Kovner did not make it back with his lethal cargo. Returning to Europe on a British steamer, he was apprehended by British police who were on board and who clearly knew of the plot. The stocks of poison, concealed in cans of condensed milk in Kovner's cabin, were thrown overboard by other members of the group, but Kovner was arrested and sent back to jail in Egypt.

Overseeing the operation from Paris, Harmatz took over the leadership of Din. To this day, he is uncertain who betrayed the plan but suspects it was the yishuv leadership, which feared that Din's success would have jeopardized their hopes of statehood.

With their stocks of Rehovot poison lying at the bottom of the Mediterranean, Harmatz and the group acquired a small quantity of arsenic, abandoned the idea of poisoning Nuremberg's water supply and reverted to the more modest, bread-poisoning plan that had been outlined to Weizmann.

One Saturday night in April 1946, members of Din broke into the Stalag 13 camp at Nuremberg and, with a fine artist's brush, Harmatz painted 3,000 loaves of black bread with poison (knowing that the American guards would eat only the white bread that was made on Sundays).

As he carefully applied the arsenic to the back of the four- cornered bread, he estimated it "would kill about 12,000 people".

"On the bottom of the loaf there was always a little bit of flour, which we used as the base. We had worked out how many could eat it -- because we knew each loaf was cut into four pieces and each prisoner would get a quarter of a loaf. That means 3,000 loaves, good for 12,000 people.

"What was very important was that the material we used was arsenic, a poison which settles. So we had to have people mixing it all the time while I was smearing it on to the bread."

For Harmatz, the following day would be wonderful: "That morning, I thought of my family," he said. "I felt very good that a job was going to be accomplished. Excited? Not excited, because we had to think of all of us finishing the story and not being caught."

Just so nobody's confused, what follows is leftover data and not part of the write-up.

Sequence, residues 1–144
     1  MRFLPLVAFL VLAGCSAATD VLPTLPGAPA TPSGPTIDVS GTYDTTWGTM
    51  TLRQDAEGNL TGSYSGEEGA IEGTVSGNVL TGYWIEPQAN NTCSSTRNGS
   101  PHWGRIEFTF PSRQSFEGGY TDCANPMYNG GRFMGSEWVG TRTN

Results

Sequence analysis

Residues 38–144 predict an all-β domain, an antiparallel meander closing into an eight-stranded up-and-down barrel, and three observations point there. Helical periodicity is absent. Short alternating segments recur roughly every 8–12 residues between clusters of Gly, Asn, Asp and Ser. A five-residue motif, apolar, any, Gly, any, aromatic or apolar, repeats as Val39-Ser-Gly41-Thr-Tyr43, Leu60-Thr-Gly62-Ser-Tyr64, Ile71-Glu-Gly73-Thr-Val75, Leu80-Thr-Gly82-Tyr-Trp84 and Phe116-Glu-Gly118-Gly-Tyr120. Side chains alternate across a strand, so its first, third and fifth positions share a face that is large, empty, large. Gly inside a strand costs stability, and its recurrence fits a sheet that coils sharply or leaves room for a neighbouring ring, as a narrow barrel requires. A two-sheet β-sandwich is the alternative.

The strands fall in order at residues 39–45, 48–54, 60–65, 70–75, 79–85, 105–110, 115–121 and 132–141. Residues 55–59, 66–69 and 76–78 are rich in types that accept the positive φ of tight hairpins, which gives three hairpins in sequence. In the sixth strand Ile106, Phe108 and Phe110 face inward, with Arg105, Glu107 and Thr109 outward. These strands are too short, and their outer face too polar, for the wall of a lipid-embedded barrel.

The plan called for them to clean out their apartment and leave for Czechoslovkia. But the plan was only partially successful: They made it across the border into Czechoslovakia, but the poison was not as strong as they had expected.

"We know 300 to 400 men were killed, but it should have been more," said Harmatz. "The newspapers later told of how the US hospital had pumped the stomachs of more than 1,000 Germans."

After the state was established, Harmatz decided that the burden of retribution had passed to Israel's new leaders and he declined appeals from Kovner to launch a fresh attempt at extracting revenge. Kovner followed his lead and gave up dreams of vengeance to become one of the great poets of the new state. He died some 10 years ago.

After settling down in Israel, Harmatz first studied law and then ran the Israel end of a French shipping line. In 1960, he joined the Ort organization, which he headed until his retirement in 1994.

For the last 13 years in that role, Harmatz was based in London, where the British government consulted him about setting up vocational schools. He also advised Unesco in Paris and served on various UN committees. He even went to Germany to consult on overseas aid projects.

Harmatz has waited until after his retirement from Ort to tell his tale of postwar revenge. Now, living quietly in Ramat Aviv, north of Tel Aviv, he still harbors regrets: "It didn't work out," says Harmatz. "The 300 or 400 we poisoned was nothing compared with what we really wanted to do."


02/25/98: Holocaust-denial fever

01/01/98: Not Quite Conventional

Douglas Davis covers European Jewry for JWR.

©1998, Jewish World Review